President Bush's speech continued: "With a new national commitment, our scientists and engineers will overcome obstacles to taking these cars from laboratory to showroom-so that the first car driven by a child born today could be powered by hydrogen and pollution-free."
Smart they put that "could" in there. In 10 and a half years, that kid'll have a driver's license-not much time to build a gazillion hydrogen versions of all those Arcos and Exxon stations I was passing. Until you've stared at a map of Southern California's sparse grid of hydrogen oases and gone to them, found some non-operable, some demanding individual training sessions before using them, discover at the U.C. Irvine station (best of the bunch) that you're required to wear a fire-resistant lab coat and goggles despite 90-degree weather, learn that some stations take about seven minutes for a refill (UCI) and others 25 minutes (depending on station sophistication), only then will you start to appreciate how unbelievably far hydrogen has to go to be even remotely practical. Right now, in every house along my modest, couldn't-be-more-ordinary street, there are circuit-breaker boxes humming away with 240 volts of electricity. If Chevy's plug-in Volt works half as well as GM's ballyhooing in 2011 or whenever, these hydrogen cars are going to go poof faster than you can say "Hindenburg."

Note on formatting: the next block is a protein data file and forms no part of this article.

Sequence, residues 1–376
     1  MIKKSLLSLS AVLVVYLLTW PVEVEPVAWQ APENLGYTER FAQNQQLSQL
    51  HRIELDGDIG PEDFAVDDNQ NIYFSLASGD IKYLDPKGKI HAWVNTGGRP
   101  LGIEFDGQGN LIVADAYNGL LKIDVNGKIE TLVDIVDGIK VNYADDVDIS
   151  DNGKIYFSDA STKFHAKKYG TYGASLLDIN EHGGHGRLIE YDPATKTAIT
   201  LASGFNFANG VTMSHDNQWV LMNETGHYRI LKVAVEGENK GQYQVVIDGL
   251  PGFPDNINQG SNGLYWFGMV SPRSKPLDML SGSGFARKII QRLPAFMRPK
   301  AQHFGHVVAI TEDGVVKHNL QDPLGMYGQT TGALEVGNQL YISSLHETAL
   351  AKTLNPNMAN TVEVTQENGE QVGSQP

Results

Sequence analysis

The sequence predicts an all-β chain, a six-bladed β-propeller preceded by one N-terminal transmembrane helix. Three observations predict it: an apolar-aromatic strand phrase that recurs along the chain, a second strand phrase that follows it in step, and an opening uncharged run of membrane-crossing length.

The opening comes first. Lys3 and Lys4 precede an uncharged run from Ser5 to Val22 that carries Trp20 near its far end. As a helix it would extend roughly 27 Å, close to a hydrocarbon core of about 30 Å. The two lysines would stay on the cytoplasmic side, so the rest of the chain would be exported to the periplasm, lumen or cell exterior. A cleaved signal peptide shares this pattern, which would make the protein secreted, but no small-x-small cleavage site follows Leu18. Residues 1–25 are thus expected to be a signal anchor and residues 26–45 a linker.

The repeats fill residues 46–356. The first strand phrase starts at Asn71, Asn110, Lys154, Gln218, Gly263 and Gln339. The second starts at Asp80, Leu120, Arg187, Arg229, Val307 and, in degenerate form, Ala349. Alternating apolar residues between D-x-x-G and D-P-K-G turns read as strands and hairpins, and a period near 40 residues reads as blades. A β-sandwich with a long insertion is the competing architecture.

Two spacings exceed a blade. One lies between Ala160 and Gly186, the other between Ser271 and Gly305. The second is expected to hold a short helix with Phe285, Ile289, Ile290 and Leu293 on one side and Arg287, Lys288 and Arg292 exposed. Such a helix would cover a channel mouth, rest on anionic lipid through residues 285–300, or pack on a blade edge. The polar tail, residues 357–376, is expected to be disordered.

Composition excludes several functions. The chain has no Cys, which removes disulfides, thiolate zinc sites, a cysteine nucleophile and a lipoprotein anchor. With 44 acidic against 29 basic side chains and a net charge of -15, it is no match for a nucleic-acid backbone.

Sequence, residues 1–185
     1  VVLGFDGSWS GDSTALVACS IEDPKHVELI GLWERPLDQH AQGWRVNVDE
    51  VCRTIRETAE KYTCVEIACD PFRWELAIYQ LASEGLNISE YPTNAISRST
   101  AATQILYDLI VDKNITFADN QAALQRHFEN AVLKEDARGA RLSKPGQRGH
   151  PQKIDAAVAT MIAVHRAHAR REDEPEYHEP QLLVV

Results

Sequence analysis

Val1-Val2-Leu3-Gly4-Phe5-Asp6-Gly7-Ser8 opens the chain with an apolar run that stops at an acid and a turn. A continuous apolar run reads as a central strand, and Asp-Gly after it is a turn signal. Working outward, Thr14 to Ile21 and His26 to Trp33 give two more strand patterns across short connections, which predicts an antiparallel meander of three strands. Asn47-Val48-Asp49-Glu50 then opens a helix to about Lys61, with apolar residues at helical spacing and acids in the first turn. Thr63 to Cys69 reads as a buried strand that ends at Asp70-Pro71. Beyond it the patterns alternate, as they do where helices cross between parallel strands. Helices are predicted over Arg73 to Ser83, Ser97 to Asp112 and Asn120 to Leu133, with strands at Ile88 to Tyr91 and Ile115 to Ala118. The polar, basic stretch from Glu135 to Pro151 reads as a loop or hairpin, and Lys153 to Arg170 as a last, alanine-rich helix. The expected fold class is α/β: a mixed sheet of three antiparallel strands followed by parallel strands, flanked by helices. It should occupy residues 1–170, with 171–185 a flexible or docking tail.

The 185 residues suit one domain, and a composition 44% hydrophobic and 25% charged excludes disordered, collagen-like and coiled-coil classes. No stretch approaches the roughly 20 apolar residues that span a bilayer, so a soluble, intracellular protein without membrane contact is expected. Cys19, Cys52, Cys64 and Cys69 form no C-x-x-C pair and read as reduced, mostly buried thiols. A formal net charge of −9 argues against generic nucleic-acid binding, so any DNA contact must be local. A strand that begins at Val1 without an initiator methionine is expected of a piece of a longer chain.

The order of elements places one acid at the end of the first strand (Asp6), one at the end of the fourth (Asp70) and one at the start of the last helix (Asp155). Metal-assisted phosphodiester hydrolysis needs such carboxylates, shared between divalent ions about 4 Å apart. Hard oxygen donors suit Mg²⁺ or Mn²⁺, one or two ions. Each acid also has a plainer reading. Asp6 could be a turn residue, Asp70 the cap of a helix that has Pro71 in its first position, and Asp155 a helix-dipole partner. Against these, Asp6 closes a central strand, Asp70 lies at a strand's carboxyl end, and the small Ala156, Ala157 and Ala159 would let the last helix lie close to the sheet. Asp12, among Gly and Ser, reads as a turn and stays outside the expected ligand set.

And it sure as heck won't be the Equinox's fault. As stunningly underdeveloped and uncoordinated as the hydrogen infrastructure is, GM gets a loud shoutout from us for building a hydrogen-fuel-cell car that runs like a Rolex. We drove it for two weeks and the whole time were simply amazed at how well it operated. After five miles or so, its odd-ball George Jetson drivetrain simply melts away into irrelevance-who cares what it is? It works. From a stop, the car simply hair-triggers away as its electric motor's 236 pound-feet of torque deliciously yanks you forward from zero rpm. To be sure, at freeway speed you finally pay the electric-motor piper, as its 98 horses dissolve the Equinox into econocar feebleness. But even here, the near-instant response of what little power you've got results in a useable gain until the stampede of internal-combustion buffalos manage to swallow a breath and start retaliating. Our only gripe was with the brakes, which in the last few mph tended to go all regen weird-feeling.